Thursday, March 05, 2009
Jerusalem Slams 'Disinformation'
Hana Levi Julian Jerusalem Slams 'Disinformation'
The city of Jerusalem responded on Thursday with a biting, detailed statement to what it called the "disinformation campaign" that was conducted during this week's visit to the capital by U.S. Secretary of State Hillary Clinton.
Clinton on Wednesday slammed Israel's demolition of buildings in the northern and eastern neighborhoods of the city. "Clearly this kind of activity is unhelpful and not in keeping with the obligations entered into under the 'Roadmap,'" she said.
"It is an issue that we intend to raise with the government of Israel and the government at the municipal level in Jerusalem," she told reporters in Ramallah following her meeting with Palestinian Authority Chairman Mahmoud Abbas, PA Prime Minister Salam Fayyad, senior Abbas aide Saeb Erekat and other officials.
Most news reports stated, as did the Hebrew-language Ha'aretz, that "Israel had issued orders for the demolition of 80 Palestinian homes in eastern Jerusalem it says were built illegally. But Palestinians say they cannot receive proper building permits from Israeli authorities, and the planned demolitions are means to assert Israel's control over the disputed city."
Carefully avoiding any accusations against the American official, the city instead placed the blame in its statement on journalists, saying it "rejects many recent claims made in the media" and offering to "provide further information on the topic."
Few, if any media provided details as to where the illegal structures were located, or information about the process that led to their demolition. However, it is unlikely that Clinton was not provided with these details during her meeting with local and national leaders.
Prior to this week, Miller said that only 28 demolition orders have been carried out since January: 11 on structures in the western section of Jerusalem and 17 on structures in the Arab neighborhoods in the eastern part of the capital.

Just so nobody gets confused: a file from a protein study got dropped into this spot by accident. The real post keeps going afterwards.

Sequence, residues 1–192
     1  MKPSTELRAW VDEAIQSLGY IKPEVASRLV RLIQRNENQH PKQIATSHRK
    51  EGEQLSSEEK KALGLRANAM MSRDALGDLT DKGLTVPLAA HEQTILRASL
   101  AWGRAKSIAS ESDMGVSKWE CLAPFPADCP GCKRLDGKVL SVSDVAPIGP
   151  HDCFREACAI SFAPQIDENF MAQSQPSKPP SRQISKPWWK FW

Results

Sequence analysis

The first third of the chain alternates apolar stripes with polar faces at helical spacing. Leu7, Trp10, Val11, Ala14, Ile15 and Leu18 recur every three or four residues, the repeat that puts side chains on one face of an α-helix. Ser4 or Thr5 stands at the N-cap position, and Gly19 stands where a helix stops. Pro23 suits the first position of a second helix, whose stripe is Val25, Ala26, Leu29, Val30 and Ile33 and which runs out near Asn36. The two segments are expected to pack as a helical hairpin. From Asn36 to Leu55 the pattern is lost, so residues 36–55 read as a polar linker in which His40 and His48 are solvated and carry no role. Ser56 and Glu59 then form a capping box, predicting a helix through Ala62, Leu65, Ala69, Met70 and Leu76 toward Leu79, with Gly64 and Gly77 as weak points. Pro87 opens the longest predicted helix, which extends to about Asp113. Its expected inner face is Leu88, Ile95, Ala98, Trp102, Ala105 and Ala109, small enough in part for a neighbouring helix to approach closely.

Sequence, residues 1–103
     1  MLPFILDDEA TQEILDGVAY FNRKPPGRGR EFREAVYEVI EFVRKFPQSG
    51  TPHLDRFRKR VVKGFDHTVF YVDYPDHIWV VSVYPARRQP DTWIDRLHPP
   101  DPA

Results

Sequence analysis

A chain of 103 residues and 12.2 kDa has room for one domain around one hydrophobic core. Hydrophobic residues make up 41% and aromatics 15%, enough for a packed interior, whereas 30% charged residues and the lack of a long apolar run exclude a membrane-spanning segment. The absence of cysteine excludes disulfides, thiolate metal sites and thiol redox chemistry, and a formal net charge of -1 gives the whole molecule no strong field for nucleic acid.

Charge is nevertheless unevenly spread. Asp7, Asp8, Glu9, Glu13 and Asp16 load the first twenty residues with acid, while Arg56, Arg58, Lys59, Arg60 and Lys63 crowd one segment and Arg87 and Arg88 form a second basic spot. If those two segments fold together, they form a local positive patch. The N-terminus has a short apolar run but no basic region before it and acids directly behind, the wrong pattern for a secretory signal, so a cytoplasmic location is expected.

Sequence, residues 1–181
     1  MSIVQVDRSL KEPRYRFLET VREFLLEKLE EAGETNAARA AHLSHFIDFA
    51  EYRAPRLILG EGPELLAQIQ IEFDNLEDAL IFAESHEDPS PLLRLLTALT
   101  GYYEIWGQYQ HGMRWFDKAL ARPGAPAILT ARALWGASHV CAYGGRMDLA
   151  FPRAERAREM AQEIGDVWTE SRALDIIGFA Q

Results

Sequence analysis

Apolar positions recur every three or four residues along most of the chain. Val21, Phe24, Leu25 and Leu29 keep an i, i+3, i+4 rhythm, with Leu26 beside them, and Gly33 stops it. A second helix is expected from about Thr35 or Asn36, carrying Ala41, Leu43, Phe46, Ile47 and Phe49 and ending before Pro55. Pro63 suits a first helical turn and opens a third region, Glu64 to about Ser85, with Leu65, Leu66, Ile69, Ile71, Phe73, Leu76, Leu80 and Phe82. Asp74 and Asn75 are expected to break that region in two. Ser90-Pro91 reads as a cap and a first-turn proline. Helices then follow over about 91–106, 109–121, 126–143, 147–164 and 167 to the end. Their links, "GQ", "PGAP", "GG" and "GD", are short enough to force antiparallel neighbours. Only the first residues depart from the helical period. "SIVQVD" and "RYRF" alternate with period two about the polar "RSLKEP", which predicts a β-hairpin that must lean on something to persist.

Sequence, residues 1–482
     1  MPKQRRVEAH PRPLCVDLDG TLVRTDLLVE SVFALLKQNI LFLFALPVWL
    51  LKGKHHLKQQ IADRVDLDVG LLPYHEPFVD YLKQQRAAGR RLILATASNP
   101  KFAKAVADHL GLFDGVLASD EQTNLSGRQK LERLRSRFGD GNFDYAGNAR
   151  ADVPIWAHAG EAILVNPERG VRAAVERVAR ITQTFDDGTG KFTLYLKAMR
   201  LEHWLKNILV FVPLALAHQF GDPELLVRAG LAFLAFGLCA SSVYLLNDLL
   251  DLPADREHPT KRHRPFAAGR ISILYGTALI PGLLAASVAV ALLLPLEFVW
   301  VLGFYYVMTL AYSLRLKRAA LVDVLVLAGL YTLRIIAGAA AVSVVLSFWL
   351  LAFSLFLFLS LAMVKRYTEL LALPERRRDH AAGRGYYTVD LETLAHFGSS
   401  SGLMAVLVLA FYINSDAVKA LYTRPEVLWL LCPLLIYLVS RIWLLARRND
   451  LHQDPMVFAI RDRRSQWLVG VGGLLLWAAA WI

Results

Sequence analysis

Upholding the Law Equally in Jerusalem
Mayor Nir Barkat promotes investment in infrastructure, construction, and education in eastern Jerusalem, but at the same time intends to uphold the law throughout Jerusalem equally, explained the mayor's spokesman, Stephan H. Miller.
"According to administrative procedure, orders can be given to stop work on illegal construction at the beginning and throughout the process of construction. Often, illegal construction has come at the expense of public land designated for the residents themselves, he explained."
Most of the 80 illegal buildings that were demolished in the Emek HaMelech neighborhood were built in recent years without permits. Petitions to the Interior Ministry filed by residents of the buildings were rejected, said the city, because the area is intended for public recreational use.
"The area of Emek HaMelech is one of the most important areas with regards to the history of Jerusalem, with holy sites important to Jews, Christians and Muslims alike," said Miller. Its importance as a tourist destination to "more than three billion people of faith around the world," Miller pointed out, makes it an area that must be treated "with the utmost strategic importance. Emek HaMelech is not intended for residential development but rather is intended to be an open public space. This position is concurrent with positions taken during the British Mandate and going back to Ottoman control of the area," Miller explained.
The one building that was demolished in the neighborhood of Jabel Mukabar – not Silwan, as previously reported by many news agencies – also was built illegally without a permit, in open space. The demolition was only carried out after the Supreme Court rejected an appeal against it.
In the northern neighborhood of Shuafat, five empty, unfinished buildings were knocked down. "They had already been given instructions to stop construction, which were not honored," the city noted. "The orders pasted on the buildings also explain how the order can be appealed in the court of law if any injustice is felt."
However, Miller added, there is a dilemma in Shuafat: "Almost no public areas remain for public construction for the residents of the neighborhood." The area in which the illegal buildings were located, said the city, included land that was earmarked for public schools and institutions for the benefit of the local residents themselves.
"According to the Mayor of Jerusalem, administrative orders have been issued to unlicensed buildings continuing the process of construction throughout all of Jerusalem, West and East, without bias," Miller noted pointedly.